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What Are the Best Exercises to Lose Weight?

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What Are the Best Exercises to Lose Weight?

If you want to know which exercises help you lose weight (fat, not muscle) fast, then you want to read this article.

 

Weight loss has rules.

Legit rules.

They’re mathematical in nature and we’re beholden to them whether we like it or not.

You can’t just break the rules because you don’t like them or because you hope they don’t apply to you. This is where many dieters fail.

A few of these principles relate to food intake and a few relate to what types of exercise you should do, which is what we’re going to focus on here.

There are many opinions on the subject, of course.

For example…

  • Some people say cardio is the ultimate weight loss exercise. Others say it’s actually quite ineffective.
  • Some people say weightlifting is for building muscle and not losing weight. End of story.
  • Some people say certain exercises will help you lose fat in certain areas of your body. Some say otherwise.

Well, in this article, we’re going to get definitive answers to these controversies and more.

By the end, you’re going to know exactly what types of exercise are best for weight loss and why, and how to make losing weight as easy as possible.

I want to start by making an important distinction.

So far, we’ve been talking “weight loss.”

Instead, we need to focus on fat loss, and here’s why…

Why You Don’t Want to Merely “Lose Weight”

best exercises to lose weight fast

What do millions of people resolve to do every January?

Lose weight, right?

That’s the wrong way of looking at it, though. What they really want to do is lose fat.

I’m not being pedantic, either–there’s a big difference between those two goals.

Strictly speaking, weight loss refers to reducing a number on a scale.

Well, you don’t know what you’re doing, you can lose plenty of weight…and wind up skinny fat.

If you want a simple demonstration of this, just follow one of the many popular weight loss diets and exercise programs that go something like this:

You’ll lose plenty of weight…comprised of both muscle and fat.

And as you can guess, muscle loss is the major concern here because the more you lose, the worse you look, even with a relatively low body fat percentage.

This is how you ruin your body composition.

If you go about it differently, though, and focus on losing fat while preserving muscle, the upshot is very different.

You may lose less weight but you’ll be better for it because you’ll have retained (or even gained) muscle, which means you’ll be much happier with what you see in the mirror.

So, you came into this article wanting to know more about “weight loss.”

I want you to start thinking “fat (and not muscle) loss,” though, because that’s what I want for you.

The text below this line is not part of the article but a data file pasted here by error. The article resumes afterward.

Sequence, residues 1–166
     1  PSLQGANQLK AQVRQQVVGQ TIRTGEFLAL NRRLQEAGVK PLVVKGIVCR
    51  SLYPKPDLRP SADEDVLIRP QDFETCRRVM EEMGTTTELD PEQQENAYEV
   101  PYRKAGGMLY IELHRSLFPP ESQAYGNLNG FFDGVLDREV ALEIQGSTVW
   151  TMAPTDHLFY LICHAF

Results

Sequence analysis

Use this workout and flexible dieting program to lose up to 10 pounds of fat and build muscle in just 30 days…without starving yourself or living in the gym.

The Best Exercises for Weight Loss Aren’t…

worst way to lose weight

What kind of exercises do most people think they should do lose belly fat?

Ab exercises, of course.

What about thigh fat?

Squats are supposed to burn away that blight, aren’t they?

And so the list goes…

  • Lunges for butt fat
  • Rows for back fat
  • Curls for biceps fat
  • And on and on…

Well, these exercises don’t work like that. In fact, exercise in general doesn’t work like that.

Exercises burn calories, which aids in fat loss, and while research shows that training a muscle increases blood flow and lipolysis in the area, the effects are too small to matter.

That is, you can’t do crunches to get a six pack or hip thrusts to shrink your butt.

Ironically, if you want a certain area of your body to be leaner or “slimmer,” training the muscles without also reducing your body fat percentage will create the opposite effect.

It will simply end up looking bigger.

(This, by the way, is why many women mistakenly believe that weightlifting will make them “bulky.”)

The reason for this is fat loss is a whole-body process. You can’t selectively lose (or gain) fat in one region of your body or another.

Yes, all of us tend to store our fat differently, but the basic mechanism is the same–when we gain fat, we gain it everywhere, and when we lose it, we see a reduction in total-body fat mass.

What this means is you can use diet and exercise to get leaner, but some areas will lose inches faster than others.

(And unfortunately, the fat we want to lose the most is also usually the hardest to lose, but that’s another discussion.)

What Are the Best Exercises for Weight Loss, Then?

Best Exercises for Weight Loss

The best exercises for weight loss meet several criteria:

  • They burn a significant amount of energy.
  • They result in little to no muscle loss.